In our own country, we are satisfied, that so far as true Christians of all parties are concerned, the question is gradually narrowing itself within very small compass. From the extremes into which partisans were betrayed in the heat of controversy, they have been approximating each other more nearly than they themselves may imagine. On the one hand, many of the zealous, but candid and conscientious advocates of Voluntaryism, while they may still condemn the union of Church and State, and may be even more than ever opposed to compulsory endowments, are ready to acknowledge that in looking too much at Government as “ the creature of man,” they may have overlooked it as “the ordinance of God,” and may have been tempted to forget, though they never meant to abandon, the principle of national responsibility; and that now, waiving the question of endowments, they agree with us in holding that Christian men, in their civil and social as well as personal capacities, are bound to regulate themselves by the Divine will, and act in subserviency to the glory of Christ, the King of Zion. On the other hand, the most ardent and able defenders of endowments have not only been obliged practically to renounce them, but have been insensibly led, from their new position, to take a calmer survey of the advantages and disadvantages of that system for which they once
Peculiar Perils attending the Union.
contended as pro aris et focis. Without dropping a single principle for which they did battle within the pale of the National Church, they are not disposed to take such high ground in maintaining the duty, the desirableness, or the necessity of having at all times an establishment. They are, in short, more anxious to secure national religion than" to set up national Churches ; more solicitous that our rulers should act in accordance with the laws of Scripture than to become themselves stipendiaries of the State. Nor are these mere vague ambiguous sayings, leaving the parties really as distant from each other as before; they are, we solemnly believe, the utterances of Christian minds, touched with “the same spirit of faith,” and “walking by the same rule,” because they “mind the same thing."
We may safely advance a step farther, and assert that, in Scotland at least, their late struggle for independence, and their experience of State patronage, have opened the eyes of many of the friends of Establishments to the peculiar perils attending that connexion, and to the inefficiency of the most stringent legal securities for the conservation of the spiritual liberties of the Church, when these securities have been rather concessions wrung from the reluctant hands of despotism than cordial recognitions of spiritual independence. And indeed, without at all condemning the policy of our fathers in soliciting the sanction of the State to their standards of belief and forms of discipline-policy which was dictated by their peculiar situation, placed as they were between the machinations of priestcraft and the usurpations of monarchy, —we may be allowed to question its general wisdom, and the propriety of its application to every period of the Church. In the event of any future negotiation with the State, were such a thing at all likely, the ancient guarantees would no longer be accepted as sufficient. Besides, it would not be difficult to show that the formal sanction by the State of the profession made by the Church, is inconsistent with the proper idea of an alliance between Church and State. In entering into an alliance with any foreign power, Great Britain would surely hold it foul scorn to ask her ally to sanction her laws. It is enough that the allied States acknowledge each other's independence. Our fathers, no doubt, meant nothing more than this; but they calculated too much on the good faith of men in power; and, with all their logical acumen in defining the respective spheres of authority, they seem to have never anticipated that the magistrate, being in his own province supreme, if called upon to give his official impress to the deeds of the Church, would naturally step from the position of the ally into that of the sovereign, and, in the act of sanctioning her laws, would regard himself as imposing his laws upon her. When the monarch came forward, in stately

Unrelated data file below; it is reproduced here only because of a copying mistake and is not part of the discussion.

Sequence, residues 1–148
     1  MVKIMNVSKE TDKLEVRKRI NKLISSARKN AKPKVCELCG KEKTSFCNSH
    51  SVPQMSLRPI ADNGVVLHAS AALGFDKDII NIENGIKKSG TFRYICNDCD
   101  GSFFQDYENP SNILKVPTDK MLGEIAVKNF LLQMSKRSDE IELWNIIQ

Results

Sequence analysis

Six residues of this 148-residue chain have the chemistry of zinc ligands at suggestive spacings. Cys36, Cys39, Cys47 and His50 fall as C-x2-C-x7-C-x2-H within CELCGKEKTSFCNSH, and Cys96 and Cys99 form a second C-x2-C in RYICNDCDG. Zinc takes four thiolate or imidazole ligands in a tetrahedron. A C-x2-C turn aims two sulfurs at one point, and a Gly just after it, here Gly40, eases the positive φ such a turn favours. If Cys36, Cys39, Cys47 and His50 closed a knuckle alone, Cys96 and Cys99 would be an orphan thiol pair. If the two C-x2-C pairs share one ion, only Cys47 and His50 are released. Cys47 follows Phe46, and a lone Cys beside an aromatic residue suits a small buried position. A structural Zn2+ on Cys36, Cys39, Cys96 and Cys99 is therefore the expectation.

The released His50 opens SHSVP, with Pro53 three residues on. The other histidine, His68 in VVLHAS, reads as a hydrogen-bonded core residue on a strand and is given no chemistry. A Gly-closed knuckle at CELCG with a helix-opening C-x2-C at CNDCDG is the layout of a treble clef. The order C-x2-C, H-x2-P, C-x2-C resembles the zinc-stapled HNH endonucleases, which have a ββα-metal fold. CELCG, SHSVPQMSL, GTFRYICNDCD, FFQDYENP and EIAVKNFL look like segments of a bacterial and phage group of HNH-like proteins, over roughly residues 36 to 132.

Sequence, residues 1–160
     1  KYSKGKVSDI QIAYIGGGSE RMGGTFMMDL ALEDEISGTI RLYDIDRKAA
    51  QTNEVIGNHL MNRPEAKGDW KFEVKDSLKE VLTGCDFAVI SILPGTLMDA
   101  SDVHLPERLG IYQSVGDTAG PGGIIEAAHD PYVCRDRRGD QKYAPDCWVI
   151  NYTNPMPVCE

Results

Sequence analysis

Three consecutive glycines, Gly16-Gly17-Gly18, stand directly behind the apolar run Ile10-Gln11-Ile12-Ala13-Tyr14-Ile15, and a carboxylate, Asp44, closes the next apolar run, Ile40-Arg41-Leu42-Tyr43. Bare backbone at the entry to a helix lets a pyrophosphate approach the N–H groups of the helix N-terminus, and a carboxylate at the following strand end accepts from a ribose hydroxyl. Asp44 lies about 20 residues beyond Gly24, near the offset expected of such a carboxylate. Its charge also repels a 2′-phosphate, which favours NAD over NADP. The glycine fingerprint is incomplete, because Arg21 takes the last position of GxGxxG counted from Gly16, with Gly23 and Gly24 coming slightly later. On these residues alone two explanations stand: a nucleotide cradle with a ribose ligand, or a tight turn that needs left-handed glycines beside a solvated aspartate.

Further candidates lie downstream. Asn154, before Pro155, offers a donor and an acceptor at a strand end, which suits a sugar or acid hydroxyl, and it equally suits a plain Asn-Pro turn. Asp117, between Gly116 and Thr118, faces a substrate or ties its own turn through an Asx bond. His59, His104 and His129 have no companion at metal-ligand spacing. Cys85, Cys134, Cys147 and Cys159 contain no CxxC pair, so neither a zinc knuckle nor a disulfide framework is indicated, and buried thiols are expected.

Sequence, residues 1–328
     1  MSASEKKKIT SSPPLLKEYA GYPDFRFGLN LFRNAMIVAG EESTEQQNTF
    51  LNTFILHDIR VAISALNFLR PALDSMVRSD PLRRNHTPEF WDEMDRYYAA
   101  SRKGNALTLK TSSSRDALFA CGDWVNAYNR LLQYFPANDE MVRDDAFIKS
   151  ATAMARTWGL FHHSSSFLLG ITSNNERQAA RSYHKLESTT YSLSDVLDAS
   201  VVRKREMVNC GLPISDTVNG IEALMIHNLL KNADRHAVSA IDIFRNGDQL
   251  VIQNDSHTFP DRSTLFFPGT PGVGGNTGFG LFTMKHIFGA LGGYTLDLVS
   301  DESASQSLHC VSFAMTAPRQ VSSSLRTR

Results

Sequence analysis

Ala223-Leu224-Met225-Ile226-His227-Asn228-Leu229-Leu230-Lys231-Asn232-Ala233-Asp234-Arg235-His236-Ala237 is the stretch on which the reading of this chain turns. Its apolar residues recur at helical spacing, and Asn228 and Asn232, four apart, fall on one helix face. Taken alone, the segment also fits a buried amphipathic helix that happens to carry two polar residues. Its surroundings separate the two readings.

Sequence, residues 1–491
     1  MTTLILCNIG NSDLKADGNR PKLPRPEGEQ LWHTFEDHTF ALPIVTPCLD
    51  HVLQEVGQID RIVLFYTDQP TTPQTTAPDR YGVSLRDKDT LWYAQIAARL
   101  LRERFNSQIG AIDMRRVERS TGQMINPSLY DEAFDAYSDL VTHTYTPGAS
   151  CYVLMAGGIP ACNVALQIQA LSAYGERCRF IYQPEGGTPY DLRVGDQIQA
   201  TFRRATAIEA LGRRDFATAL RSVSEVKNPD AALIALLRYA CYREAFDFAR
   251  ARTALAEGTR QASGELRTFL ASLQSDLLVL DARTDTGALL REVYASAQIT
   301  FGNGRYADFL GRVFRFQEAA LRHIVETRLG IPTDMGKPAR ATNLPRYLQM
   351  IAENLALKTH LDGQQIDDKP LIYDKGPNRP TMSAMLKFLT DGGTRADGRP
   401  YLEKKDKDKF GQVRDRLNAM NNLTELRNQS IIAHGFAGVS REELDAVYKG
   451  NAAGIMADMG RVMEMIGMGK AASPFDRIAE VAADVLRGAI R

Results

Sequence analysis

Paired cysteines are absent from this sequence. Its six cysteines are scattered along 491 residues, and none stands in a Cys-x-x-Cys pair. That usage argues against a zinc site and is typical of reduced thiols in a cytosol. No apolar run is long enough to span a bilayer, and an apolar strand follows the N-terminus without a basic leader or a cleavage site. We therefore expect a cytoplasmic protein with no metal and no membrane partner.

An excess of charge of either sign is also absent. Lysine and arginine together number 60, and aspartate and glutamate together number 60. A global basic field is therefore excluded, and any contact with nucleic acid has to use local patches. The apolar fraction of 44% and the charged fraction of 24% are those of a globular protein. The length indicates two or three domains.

dignity, to touch with the royal sceptre the Acts of the Church of Scotland, it is not surprising that he should have felt himself for the time to be acting the superior. The danger lay, not where our Voluntary friends have laboured to find it, in the alliance formed between Presbytery and the Government, but in the Church submitting her laws to be sanctioned by, and incorporated with the laws of the State ; instead of demanding, as from an ally, a simple and distinct recognition of herself as an independent kingdom. To prevail over her enemy, she allowed herself to be saddled and bridled by a treacherous umpire, who was sure to turn the transaction to his own advantage.